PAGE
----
Faith in cops
Survey shows Public has confidence In police force
Two members of the Royal Barbados Police Force (RBPF) top brass have said a firm “no” to allowing people with dreadlocks and nontraditional hairstyles into the law enforcement agency.
Acting Commissioner of Police Tyrone Griffith and Acting Assistant Commissioner of Police Eucklyn Thompson gave the thumbs down to the recommendation during today’s launch of the Customer Satisfaction Survey that gave mixed reviews of lawmen.
In addition to the public’s suggestions about officers’ dress and deportment, the Criminal Justice Research and Planning Unit in the Office of the Attorney General found that people highly favour the police force and have confidence in its ability to prevent crime.
The suggestion for the force to “accept locks and other different styles among police officers” was among the wide-ranging ideas put forward by those interviewed in the survey.
But rebuffing the proposal, Griffith said while he had no issues with different hairstyles, the RBPF had to operate as a disciplined organization.
“If there’s a Ras Iley who comes to join the force tomorrow with his locks sweeping the ground, should we have him in the organization? . . .
“The difficulty with entertaining some of these exotic hairstyles is that it is taken too far, way too far. If you allow the style, then it means that you have to accommodate the fact that they’re not going to wear the headdress. And we’ve had some difficulties with that already, people not wanting to wear their headdress,” the police chief insisted.
Meantime, Thompson said the recommendation should not sway lawmen.
”Our members [should] not be caught up in the views of the public to the point where they want to conform to the public’s views . . . You must stand up to the principles and ideals of the force,” he said during the question and answer segment of the survey launch.
Another recommendation was for the police uniform to be changed to better suit the Caribbean climate, and for lawmen to begin wearing shoes that are more suitable for pursuing suspects.
While he was clear in his opposition to any move to change the uniform, citing the history involved, Commissioner Griffith disclosed that consideration was being given to having a different uniform for police officers who work on beaches.
“We recognize that working on the beach [requires] a much more flexible type of uniform. So that’s on the cards,” he said.
Among the findings of the survey, the police were rated highest on professional appearance with some 82 per cent of those interviewed describing it as good.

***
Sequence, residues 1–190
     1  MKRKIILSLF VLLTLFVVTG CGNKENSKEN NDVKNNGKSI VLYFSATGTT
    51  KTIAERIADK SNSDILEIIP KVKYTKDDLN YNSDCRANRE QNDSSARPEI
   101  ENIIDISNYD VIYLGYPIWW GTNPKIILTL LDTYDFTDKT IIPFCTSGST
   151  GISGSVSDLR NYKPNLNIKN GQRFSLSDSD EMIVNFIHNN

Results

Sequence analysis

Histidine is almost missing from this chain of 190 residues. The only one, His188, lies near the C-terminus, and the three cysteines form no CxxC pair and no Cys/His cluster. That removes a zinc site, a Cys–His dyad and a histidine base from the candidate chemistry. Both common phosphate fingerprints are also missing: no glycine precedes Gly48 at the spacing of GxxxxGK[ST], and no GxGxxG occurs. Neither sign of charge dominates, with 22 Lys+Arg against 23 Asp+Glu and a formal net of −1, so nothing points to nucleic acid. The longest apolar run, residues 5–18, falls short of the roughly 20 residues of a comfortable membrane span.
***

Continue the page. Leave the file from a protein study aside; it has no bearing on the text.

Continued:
The Criminal Justice Research and Planning Unit, in its report, found that 61 per cent of the 1781 adults interviewed over a three-week period in 2013 said they had a high level of respect for the RBPF.
However, many of the interviewees complained about poor customer service, trustworthiness, aggressiveness and the force used by members of the Special Services Unit and Criminal Investigations Department in carrying out investigations and conducting search warrants.
Senior research officer in the unit, Kim Ramsay who presented the findings during a ceremony at the District “A” Police Station, cautioned that a police force that has high levels of complaints about its members runs the risk of losing the respect of the public.
“The public believes that the police use excessive force in extracting confessions and also targeted certain sections of the community when conducting warrants. The long awaited video recordings of interviews need to be implemented as a matter of urgency.
“Police working conditions also need to be improved. Government may consider loans or funding from international organizations to assist in the rehabilitation of police stations. There’s also the need for an increase in vehicles,” she said.
Ramsay also recommended an independent body to investigate complaints about policemen, similar to an internal affairs department.
“There needs to be a revision of the qualifications and remuneration to join the RBPF. Recruitment to the RBPF should be more attractive and there should be more consideration of perks and increase in pay for policemen to join. The RBPF should also consider recruitment of persons who are not policemen to work in specialized areas,” the unit spokesperson said.In addition, she noted there were complaints about political interference in the running of the force.
Speaking directly following the presentation of the force, Commissioner Griffith sought to boost the morale of the force, saying the report generally painted a picture of “a job well done.”
“We should be proud of our performance as an organization. Our job is often very confrontational and so I believe that that in itself would result in a not as favourable rating as in other professions. But, generally speaking, you have to say that the results speak well of the Royal Barbados Police Force and probably stands out as the most outstanding force in the region. So, we should take some kudos for that,” he said to loud applause from the lawmen present.
“I am sure that when we further analyze the contents of this survey and go back to the drawing board the force would be even better off as an organization. We are already aware there is quite a bit of room for improvement and so, the next time around.”